To check the seasonal influence (dry and rainy periods) and stratification (epiphyte and terrestrial) on Diptera's diversity and abundance, Manova (Factorial ANOVA) was used. The Tukey´s test was a posteriori test to check which variables were significant. To check the diversity of the Diptera and abundance on the volume of water, simple regressions were done. The t-test was used to check if the amount of water contained in both epiphyte and terrestrial bromeliads was influenced by the seasonal periods (dry and rainy). In all the statistical analysis, the applied significance was p< 0.05 (Zar, 1996). The abundance of each family on both the stratifications was calculated by the sum of the individuals and the occurrence frequency divided by the percentage of bromeliads families out of the total number of samples. The analyses were done only with Diptera order, since they were very frequent organisms and important members in structuring the associated community (Sota, 1998, Paradise, 2004).
RESULTS AND DISCUSSION
From 144 bromeliads analyzed, 15,238 macroinvertebrates individuals were collected, which were distributed among the Malacostraca, Arachnida, Chilopoda, Diplopoda, Oligochaeta and Insecta classes, with Insecta being the most abundant, with 14,097 individuals, distributed on the following taxa: Diptera, Coleoptera, Hymenoptera, Hemiptera, Lepidoptera, Odonata, Dermaptera, Blattodea and Isoptera, representing twenty-three families (Table 1). Such complex system was formed by various groups of macroinvertebrates, as reported earlier also (Mestre et al., 2001; Frank et al., 2004; Liria, 2007) for example terrestrial and epiphytic Vriesea Lindley, 1843, Tillandsia L. 1753 Aechmea Ruiz and Pavón, 1974 respectively. Phytotelmata, as the bromeliads, containing aloctonous food resources, and debris based on associated communities, might have trophic levels divided in saprophages, predators and top predators, which varied depending on the number of species, particles, debris they explored and for the predators it depended on the behavior strategies (Kitching, 2000). The number of the Diptera was composed by 8,258, confirming the high occurrence in Vriesea, Tillandsia, Aechmea and Hohenbergia Shult.f., 1830 bromeliads (Mestre et al., 2001; Liria, 2007). Other studies have shown the evidences of a well-succeeded colonization from this order in other phytotelmata. The Diptera group is the most important group of aquatic insects in terms of representativeness and diversity (Kitching, 2001; Greeney, 2004) thus becoming important members in these environment´s chain food (Richardson, 1999; Kitching, 2000) for serving as food for predators (e.g. Coleoptera and Odonata), or for establishing other ecological connections in view of the variation of the functional categories of the cited families (Laessle, 1961; Kitching, 2001).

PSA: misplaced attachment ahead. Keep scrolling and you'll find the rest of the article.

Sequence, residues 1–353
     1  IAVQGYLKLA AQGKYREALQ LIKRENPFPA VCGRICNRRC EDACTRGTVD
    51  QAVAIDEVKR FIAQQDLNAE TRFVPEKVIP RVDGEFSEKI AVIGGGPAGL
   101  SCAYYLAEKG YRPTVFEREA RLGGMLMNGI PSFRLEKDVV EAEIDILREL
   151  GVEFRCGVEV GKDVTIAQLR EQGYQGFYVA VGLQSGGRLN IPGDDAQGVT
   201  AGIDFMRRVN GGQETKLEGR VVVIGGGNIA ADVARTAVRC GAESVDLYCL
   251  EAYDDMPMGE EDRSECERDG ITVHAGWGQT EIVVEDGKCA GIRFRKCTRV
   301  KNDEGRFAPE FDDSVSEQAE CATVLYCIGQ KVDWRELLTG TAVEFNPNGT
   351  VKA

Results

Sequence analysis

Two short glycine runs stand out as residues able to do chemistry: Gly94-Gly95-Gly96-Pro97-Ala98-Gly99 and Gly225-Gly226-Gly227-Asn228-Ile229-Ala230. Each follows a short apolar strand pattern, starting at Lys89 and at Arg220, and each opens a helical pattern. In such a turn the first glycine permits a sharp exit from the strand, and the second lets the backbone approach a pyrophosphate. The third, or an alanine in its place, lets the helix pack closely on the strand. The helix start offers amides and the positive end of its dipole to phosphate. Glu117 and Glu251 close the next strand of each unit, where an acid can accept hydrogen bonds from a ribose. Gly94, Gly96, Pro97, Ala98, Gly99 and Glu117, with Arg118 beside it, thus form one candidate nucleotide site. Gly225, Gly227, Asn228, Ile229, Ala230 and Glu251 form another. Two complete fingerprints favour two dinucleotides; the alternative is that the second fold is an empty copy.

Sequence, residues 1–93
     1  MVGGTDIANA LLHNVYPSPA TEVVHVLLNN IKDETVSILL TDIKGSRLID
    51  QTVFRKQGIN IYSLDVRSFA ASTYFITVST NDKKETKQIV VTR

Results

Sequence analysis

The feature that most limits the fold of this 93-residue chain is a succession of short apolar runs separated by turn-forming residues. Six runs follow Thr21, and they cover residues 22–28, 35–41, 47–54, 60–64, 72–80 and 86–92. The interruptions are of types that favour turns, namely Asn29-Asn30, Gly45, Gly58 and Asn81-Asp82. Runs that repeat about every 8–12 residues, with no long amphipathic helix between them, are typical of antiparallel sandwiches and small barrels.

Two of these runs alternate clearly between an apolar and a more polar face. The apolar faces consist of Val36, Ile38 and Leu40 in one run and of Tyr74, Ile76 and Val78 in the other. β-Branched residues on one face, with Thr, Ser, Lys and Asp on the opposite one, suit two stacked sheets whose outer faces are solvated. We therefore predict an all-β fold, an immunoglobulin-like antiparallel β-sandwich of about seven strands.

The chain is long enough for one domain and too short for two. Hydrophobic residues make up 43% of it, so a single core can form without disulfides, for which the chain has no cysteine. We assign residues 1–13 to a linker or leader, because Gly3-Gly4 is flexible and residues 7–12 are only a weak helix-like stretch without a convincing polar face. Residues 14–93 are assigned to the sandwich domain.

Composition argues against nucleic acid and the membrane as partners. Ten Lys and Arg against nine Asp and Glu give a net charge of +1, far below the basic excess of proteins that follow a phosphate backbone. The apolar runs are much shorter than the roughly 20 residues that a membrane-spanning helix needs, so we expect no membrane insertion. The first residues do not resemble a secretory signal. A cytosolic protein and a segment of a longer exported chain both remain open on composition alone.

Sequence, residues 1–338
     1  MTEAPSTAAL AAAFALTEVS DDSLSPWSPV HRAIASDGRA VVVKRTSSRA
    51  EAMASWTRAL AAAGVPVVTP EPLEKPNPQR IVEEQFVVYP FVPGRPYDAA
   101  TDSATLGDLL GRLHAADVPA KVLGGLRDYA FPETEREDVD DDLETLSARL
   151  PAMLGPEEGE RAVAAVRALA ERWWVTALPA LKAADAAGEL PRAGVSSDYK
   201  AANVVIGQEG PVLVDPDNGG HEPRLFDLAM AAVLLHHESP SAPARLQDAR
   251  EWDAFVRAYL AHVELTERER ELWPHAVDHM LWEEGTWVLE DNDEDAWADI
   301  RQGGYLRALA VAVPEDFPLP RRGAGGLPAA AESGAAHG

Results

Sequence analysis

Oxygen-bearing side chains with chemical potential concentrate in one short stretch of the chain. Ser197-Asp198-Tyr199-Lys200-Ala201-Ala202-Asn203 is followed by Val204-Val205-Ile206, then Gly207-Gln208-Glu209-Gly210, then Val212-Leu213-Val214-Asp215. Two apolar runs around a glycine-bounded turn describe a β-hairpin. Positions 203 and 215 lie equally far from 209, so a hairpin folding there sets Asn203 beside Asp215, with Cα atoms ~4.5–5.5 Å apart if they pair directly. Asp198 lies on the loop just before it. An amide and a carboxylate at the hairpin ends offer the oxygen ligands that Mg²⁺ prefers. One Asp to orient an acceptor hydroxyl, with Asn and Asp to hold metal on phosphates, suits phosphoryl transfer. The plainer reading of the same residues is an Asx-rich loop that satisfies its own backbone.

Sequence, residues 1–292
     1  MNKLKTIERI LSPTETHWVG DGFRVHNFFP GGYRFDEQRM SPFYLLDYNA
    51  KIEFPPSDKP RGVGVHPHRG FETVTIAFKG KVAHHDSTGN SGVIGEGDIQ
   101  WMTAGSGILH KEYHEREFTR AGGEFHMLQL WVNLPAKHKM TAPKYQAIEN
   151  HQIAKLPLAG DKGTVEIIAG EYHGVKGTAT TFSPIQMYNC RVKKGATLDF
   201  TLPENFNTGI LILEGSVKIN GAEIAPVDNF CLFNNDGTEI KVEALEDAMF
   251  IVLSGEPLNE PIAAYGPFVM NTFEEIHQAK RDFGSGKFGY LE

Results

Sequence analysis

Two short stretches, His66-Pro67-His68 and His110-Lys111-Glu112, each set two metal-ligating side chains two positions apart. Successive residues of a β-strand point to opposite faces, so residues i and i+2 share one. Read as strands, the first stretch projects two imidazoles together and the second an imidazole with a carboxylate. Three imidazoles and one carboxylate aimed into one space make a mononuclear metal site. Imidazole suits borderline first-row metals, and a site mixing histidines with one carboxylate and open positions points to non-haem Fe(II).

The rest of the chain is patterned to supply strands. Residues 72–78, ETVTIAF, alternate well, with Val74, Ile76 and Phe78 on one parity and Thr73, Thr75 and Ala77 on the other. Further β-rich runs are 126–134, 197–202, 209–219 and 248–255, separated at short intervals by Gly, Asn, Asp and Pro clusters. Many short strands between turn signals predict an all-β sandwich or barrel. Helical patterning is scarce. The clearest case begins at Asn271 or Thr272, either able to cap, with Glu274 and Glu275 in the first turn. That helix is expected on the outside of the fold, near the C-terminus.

In the Diptera order, the Chironomidae family was the highest frequency level of occurrence in the stratifications (terrestrial and epiphyte) and in the two seasonal periods studied (Table 2) as well as the highest representativeness having 28.43% out of the total number of individuals collected throughout the collecting moths (Table 1). Reiss (1977) reported that this family was an important element in the aquatic food chain because it colonized many high-density habitats such as puddles, ponds and phytotelmata. In addition to that, the feeding plasticity and ecological amplitude, favored by the morphological, physiological and behavioral adaptations, gave conditions for succeeding in various aquatic ecosystems under different environmental conditions (Coffman and Ferrington, 1996).